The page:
See also

Related Research Articles

Tornado Violently rotating column of air that is in contact with both the earths surface and a cumulonimbus cloud in the air

A tornado is a rapidly rotating column of air that is in contact with both the surface of the Earth and a cumulonimbus cloud or, in rare cases, the base of a cumulus cloud. The windstorm is often referred to as a twister, whirlwind or cyclone, although the word cyclone is used in meteorology to name a weather system with a low-pressure area in the center around which, from an observer looking down toward the surface of the earth, winds blow counterclockwise in the Northern Hemisphere and clockwise in the Southern. Tornadoes come in many shapes and sizes, and they are often visible in the form of a condensation funnel originating from the base of a cumulonimbus cloud, with a cloud of rotating debris and dust beneath it. Most tornadoes have wind speeds less than 110 miles per hour (180 km/h), are about 250 feet (80 m) across, and travel a few miles before dissipating. The most extreme tornadoes can attain wind speeds of more than 300 miles per hour (480 km/h), are more than two miles (3 km) in diameter, and stay on the ground for dozens of miles.

Supercell thunderstorm that is characterized by the presence of a mesocyclone

A supercell is a thunderstorm characterized by the presence of a mesocyclone: a deep, persistently rotating updraft. For this reason, these storms are sometimes referred to as rotating thunderstorms. Of the four classifications of thunderstorms, supercells are the overall least common and have the potential to be the most severe. Supercells are often isolated from other thunderstorms, and can dominate the local weather up to 32 kilometres (20 mi) away. They tend to last 2–4 hours.

Firestorm Conflagration which attains such intensity that it creates and sustains its own wind system

A firestorm is a conflagration which attains such intensity that it creates and sustains its own wind system. It is most commonly a natural phenomenon, created during some of the largest bushfires and wildfires. Although the term has been used to describe certain large fires, the phenomenon's determining characteristic is a fire with its own storm-force winds from every point of the compass. The Black Saturday bushfires and the Great Peshtigo Fire are possible examples of forest fires with some portion of combustion due to a firestorm, as is the Great Hinckley Fire. Firestorms have also occurred in cities, usually as a deliberate effect of targeted explosives, such as occurred as a result of the aerial firebombings of Hamburg, Dresden, firebombing of Tokyo and the atomic bombings of Hiroshima and Nagasaki.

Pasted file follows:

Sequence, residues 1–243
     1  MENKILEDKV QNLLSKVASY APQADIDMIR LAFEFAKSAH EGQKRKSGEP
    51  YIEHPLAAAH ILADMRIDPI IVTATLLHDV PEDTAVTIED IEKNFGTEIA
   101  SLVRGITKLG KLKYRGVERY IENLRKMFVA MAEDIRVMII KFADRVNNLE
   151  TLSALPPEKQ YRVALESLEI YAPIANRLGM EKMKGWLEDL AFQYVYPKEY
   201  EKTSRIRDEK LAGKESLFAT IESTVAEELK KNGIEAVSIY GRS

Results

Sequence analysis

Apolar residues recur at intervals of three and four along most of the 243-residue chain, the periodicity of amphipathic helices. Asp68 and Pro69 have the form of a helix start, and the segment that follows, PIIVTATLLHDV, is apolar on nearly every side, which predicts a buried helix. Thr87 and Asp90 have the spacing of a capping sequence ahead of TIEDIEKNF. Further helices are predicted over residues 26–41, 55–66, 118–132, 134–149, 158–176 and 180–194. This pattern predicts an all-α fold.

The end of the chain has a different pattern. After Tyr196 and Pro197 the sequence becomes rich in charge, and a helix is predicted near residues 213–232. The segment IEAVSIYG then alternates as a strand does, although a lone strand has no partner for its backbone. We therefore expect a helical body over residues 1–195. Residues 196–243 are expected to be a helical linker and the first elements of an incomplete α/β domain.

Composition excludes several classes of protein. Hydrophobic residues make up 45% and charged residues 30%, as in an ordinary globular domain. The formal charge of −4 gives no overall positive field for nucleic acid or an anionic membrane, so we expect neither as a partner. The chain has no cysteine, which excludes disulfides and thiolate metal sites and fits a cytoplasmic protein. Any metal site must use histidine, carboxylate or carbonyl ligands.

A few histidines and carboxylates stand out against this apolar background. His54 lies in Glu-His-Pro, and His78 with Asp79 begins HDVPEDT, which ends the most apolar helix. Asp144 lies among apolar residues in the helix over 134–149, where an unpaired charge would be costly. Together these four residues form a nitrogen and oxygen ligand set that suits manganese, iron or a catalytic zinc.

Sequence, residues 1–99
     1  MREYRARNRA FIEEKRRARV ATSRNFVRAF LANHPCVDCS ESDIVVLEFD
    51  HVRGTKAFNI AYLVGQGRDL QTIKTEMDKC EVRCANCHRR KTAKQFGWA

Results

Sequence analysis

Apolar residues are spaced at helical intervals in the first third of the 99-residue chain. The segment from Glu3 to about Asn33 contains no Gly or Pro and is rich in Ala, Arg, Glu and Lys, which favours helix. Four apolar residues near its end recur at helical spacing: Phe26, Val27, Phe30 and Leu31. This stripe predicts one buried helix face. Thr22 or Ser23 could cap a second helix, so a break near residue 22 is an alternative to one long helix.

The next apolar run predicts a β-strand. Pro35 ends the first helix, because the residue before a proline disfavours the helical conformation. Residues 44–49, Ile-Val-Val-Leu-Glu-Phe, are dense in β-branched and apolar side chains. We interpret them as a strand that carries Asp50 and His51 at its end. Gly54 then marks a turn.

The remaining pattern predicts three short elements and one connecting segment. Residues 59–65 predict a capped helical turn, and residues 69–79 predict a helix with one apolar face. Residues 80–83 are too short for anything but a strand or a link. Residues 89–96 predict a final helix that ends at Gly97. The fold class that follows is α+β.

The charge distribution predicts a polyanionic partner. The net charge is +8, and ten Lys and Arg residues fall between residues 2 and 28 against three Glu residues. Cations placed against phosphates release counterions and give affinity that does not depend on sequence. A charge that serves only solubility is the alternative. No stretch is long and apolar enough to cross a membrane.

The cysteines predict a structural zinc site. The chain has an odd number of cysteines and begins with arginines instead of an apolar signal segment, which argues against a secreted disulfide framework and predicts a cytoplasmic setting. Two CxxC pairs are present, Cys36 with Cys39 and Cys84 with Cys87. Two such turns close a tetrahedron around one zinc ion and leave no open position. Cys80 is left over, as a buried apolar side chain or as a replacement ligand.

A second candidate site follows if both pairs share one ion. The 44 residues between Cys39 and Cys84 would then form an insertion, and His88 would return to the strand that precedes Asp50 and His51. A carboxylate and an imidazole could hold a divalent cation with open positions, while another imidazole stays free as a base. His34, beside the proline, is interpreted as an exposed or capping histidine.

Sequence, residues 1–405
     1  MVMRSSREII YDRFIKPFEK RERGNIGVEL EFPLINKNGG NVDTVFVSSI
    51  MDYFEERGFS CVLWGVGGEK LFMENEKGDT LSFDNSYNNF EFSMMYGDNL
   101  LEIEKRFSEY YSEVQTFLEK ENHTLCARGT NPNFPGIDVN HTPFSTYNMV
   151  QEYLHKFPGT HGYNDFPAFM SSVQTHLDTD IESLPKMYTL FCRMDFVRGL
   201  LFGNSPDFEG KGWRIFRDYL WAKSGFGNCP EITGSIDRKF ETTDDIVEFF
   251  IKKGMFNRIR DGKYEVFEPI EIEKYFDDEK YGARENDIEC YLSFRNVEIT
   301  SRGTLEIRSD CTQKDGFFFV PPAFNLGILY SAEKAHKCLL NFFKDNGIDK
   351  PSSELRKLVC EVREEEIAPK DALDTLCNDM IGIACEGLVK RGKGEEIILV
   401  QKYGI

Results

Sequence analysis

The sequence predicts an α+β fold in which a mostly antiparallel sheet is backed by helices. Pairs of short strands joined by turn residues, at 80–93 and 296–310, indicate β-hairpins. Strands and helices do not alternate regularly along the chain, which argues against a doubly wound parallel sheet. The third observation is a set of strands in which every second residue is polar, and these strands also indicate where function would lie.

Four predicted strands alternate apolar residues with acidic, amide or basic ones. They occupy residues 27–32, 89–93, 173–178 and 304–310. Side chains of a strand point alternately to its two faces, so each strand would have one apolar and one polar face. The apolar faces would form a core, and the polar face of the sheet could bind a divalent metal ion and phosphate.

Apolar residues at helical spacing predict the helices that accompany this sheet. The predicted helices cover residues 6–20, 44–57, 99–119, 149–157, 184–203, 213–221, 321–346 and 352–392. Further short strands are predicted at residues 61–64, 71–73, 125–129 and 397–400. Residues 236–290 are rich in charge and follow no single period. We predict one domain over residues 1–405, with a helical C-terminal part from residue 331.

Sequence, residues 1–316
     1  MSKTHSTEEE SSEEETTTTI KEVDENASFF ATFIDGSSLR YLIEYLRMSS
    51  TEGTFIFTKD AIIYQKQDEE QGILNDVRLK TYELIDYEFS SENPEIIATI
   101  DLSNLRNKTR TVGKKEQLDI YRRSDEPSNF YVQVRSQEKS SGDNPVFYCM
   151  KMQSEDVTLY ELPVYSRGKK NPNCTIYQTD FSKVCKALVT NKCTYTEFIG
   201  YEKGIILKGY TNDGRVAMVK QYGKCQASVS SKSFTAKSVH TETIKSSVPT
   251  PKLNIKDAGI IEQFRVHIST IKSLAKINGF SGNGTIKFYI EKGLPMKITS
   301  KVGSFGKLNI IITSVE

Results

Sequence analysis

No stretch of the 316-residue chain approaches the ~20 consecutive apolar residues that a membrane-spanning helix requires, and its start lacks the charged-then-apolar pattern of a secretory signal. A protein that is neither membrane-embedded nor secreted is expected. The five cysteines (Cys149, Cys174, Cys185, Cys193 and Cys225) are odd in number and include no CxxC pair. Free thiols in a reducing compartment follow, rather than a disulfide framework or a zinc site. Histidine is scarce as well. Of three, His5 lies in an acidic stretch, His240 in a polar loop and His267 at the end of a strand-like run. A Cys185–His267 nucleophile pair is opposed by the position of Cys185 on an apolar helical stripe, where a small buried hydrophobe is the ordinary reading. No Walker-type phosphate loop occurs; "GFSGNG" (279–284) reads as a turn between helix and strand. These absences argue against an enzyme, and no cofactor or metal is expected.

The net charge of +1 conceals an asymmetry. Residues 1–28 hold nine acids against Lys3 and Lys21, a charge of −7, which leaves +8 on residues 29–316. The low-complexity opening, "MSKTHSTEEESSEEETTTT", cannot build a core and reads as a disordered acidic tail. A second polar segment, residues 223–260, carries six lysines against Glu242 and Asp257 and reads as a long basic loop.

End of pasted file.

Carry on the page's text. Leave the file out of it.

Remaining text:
Ted Fujita Japanese-American severe storms researcher

Tetsuya Theodore "Ted" Fujita was a prominent Japanese-American severe storms researcher. His research at the University of Chicago on severe thunderstorms, tornadoes, hurricanes, and typhoons revolutionized the knowledge of each. Although he is best known for creating the Fujita scale of tornado intensity and damage., he also discovered downbursts and microbursts, and was an instrumental figure in advancing modern understanding of many severe weather phenomena and how they affect people and communities, especially through his work exploring the relationship between wind speed and damage.

Tornado records

This article lists various tornado records. The most "extreme" tornado in recorded history was the Tri-State Tornado, which spread through parts of Missouri, Illinois, and Indiana on March 18, 1925. It is considered an F5 on the Fujita Scale, even though tornadoes were not ranked on any scale at the time. It holds records for longest path length at 219 miles (352 km), longest duration at about 3½ hours, and fastest forward speed for a significant tornado at 73 mph (117 km/h) anywhere on Earth. In addition, it is the deadliest single tornado in United States history with 695 fatalities. It was also the third-costliest tornado in history at the time, but has been surpassed by several others non-normalized. When costs are normalized for wealth and inflation, it still ranks third today.

Waterspout weather phenomenon, intense columnar vortex that occurs over a body of water, commonly a non-supercell tornado over water

A waterspout is an intense columnar vortex that occurs over a body of water. Some are connected to a cumulus congestus cloud, some to a cumuliform cloud and some to a cumulonimbus cloud. In the common form, it is a non-supercell tornado over water.

Wall cloud cloud formation

A wall cloud is a large, localized, persistent, and often abrupt lowering of cloud that develops beneath the surrounding base of a cumulonimbus cloud and from which tornadoes sometimes form. It is typically beneath the rain-free base (RFB) portion of a thunderstorm, and indicates the area of the strongest updraft within a storm. Rotating wall clouds are an indication of a mesocyclone in a thunderstorm; most strong tornadoes form from these. Many wall clouds do rotate; however, some do not.

Funnel cloud funnel-shaped cloud of condensed water droplets, associated with a rotating column of wind

A funnel cloud is a funnel-shaped cloud of condensed water droplets, associated with a rotating column of wind and extending from the base of a cloud but not reaching the ground or a water surface. A funnel cloud is usually visible as a cone-shaped or needle like protuberance from the main cloud base. Funnel clouds form most frequently in association with supercell thunderstorms. Funnel clouds are visual phenomena, these are not the vortex of wind itself.

Anticyclonic tornado